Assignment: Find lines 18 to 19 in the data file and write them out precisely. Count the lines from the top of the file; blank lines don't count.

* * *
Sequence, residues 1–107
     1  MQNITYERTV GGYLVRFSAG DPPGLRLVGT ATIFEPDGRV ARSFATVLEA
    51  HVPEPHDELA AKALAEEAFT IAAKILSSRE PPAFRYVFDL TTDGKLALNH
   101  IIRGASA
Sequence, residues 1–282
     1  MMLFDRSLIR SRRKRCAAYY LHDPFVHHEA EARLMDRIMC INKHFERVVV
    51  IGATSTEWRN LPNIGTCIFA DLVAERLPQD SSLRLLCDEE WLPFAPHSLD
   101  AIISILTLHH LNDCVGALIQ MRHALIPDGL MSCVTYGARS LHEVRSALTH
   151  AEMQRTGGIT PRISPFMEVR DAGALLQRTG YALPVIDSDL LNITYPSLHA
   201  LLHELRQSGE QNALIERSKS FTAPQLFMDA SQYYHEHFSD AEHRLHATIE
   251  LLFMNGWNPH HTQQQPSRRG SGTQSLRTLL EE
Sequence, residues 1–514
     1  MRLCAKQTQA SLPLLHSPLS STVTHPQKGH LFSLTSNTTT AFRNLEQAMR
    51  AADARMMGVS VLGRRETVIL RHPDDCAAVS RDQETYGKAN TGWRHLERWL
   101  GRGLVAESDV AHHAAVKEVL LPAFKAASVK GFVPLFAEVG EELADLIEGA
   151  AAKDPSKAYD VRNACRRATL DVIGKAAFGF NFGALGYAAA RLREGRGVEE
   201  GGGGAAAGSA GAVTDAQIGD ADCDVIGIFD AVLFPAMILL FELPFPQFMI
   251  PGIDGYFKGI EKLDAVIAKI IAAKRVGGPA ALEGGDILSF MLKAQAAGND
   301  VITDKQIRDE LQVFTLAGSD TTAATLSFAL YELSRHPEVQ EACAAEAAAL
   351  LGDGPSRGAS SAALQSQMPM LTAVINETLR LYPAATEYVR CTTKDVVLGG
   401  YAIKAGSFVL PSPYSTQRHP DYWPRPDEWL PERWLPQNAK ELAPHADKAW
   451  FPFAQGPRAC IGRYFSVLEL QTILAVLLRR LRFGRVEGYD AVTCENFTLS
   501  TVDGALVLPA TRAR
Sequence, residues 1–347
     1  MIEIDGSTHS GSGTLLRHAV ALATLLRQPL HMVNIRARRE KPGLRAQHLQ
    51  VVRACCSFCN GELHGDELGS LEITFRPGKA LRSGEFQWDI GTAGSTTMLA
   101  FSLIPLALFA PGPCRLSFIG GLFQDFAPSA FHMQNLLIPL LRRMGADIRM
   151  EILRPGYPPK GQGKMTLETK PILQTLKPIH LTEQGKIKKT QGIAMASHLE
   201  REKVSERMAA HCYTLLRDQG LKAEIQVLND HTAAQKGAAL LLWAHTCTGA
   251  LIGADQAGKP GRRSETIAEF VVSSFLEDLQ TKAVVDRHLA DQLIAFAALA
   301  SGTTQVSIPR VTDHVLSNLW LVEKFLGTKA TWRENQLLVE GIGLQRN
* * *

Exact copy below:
   251  PGIDGYFKGI EKLDAVIAKI IAAKRVGGPA ALEGGDILSF MLKAQAAGND
   301  VITDKQIRDE LQVFTLAGSD TTAATLSFAL YELSRHPEVQ EACAAEAAAL